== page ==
Families File Wrongful Deaths After Salt Mine Collapse
The widows of two miners who lost their lives in a salt mine collapse have filed wrongful death lawsuits against the salt mine company, naming one of the supervisors in the lawsuit. The widows allege that their husbands had been placed in a part of the salt mine that was prone to roof collapses and had been barricaded. They further allege that one of the employees said that the area was unsafe and was told that they should run away if the roof began to collapse. The company did not test the workers to see if they were fast enough to escape a falling roof or do anything that made a lick of sense. The company has since shut down the salt mine but has yet to file a response to the lawsuits.
Workers’ compensation issues
This incident occurred in Louisiana which has different rules than Florida when it comes to workers’ compensation. However, in both states, employees are generally barred from filing lawsuits directly against their employer even in cases of gross negligence. There could be several reasons why the workers’ compensation insurer would deny the claim, which might allow the plaintiffs to file a lawsuit, but no mention of workers’ compensation was made in the article. However, if the miners were employees of the defendant, then it is likely the widows will only be able to pursue recovery from workers’ compensation. In Florida, that would almost certainly be true.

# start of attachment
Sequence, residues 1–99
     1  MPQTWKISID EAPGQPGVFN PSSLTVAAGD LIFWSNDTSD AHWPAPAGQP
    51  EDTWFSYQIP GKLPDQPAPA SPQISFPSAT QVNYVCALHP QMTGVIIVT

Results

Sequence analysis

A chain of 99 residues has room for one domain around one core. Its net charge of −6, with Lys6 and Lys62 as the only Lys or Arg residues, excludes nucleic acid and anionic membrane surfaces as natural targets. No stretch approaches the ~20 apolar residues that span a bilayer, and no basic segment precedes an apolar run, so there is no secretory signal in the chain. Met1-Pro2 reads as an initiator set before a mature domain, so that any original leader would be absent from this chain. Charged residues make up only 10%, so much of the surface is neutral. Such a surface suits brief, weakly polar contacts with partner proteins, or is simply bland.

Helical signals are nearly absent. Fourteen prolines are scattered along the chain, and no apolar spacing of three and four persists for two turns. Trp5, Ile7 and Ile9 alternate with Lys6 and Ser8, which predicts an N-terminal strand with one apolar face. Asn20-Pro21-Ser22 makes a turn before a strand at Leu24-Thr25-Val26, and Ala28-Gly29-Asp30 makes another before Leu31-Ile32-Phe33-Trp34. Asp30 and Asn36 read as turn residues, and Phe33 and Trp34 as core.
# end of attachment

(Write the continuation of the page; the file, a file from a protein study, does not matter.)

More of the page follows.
On the other hand, if the miners were considered independent contractors or their state’s rules don’t require companies to carry workers’ compensation insurance, then the miners would be able to file a lawsuit directly against the mining company.
One exception under workers’ compensation law involves intentionally reckless misconduct or “intentional” torts. These two are not the same. Workers’ compensation only compensates for accidental injuries, so if your supervisor punches you in the face, you won’t be able to file a claim, but you can sue them and their company. A second element involves recklessness, though not all states permit such a claim. If a company exposes employees to dangers that they can reasonably surmise would result in grievous injury or death, then the company may be liable for the injuries outside of the workers’ comp system.
Depending on which standard is employed by the state, a case like this may result in a lawsuit even if the company were covered by workers’ compensation because they recklessly exposed their employers to a danger, they either knew or should have known would cause grievous bodily injury. Nonetheless, the standard is high, and it is difficult to win. A plaintiff must show that:
- The employer engaged in conduct that it knew was “virtually certain” to result in injury or death
- AND the employee was not aware of the risks because the risk was not apparent OR intentionally concealed by the supervisors
Was the roof collapse “virtually certain” after prior roof collapses? Were the employees aware that there was a serious danger? These are all matters that the court will need to settle prior to deciding the case.
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